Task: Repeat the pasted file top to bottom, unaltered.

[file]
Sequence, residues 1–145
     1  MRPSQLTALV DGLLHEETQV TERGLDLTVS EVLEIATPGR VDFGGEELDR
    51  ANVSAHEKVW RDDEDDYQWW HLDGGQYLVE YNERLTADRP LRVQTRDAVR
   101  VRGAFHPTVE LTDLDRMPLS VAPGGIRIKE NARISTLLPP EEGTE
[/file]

Sequence, residues 1–145
     1  MRPSQLTALV DGLLHEETQV TERGLDLTVS EVLEIATPGR VDFGGEELDR
    51  ANVSAHEKVW RDDEDDYQWW HLDGGQYLVE YNERLTADRP LRVQTRDAVR
   101  VRGAFHPTVE LTDLDRMPLS VAPGGIRIKE NARISTLLPP EEGTE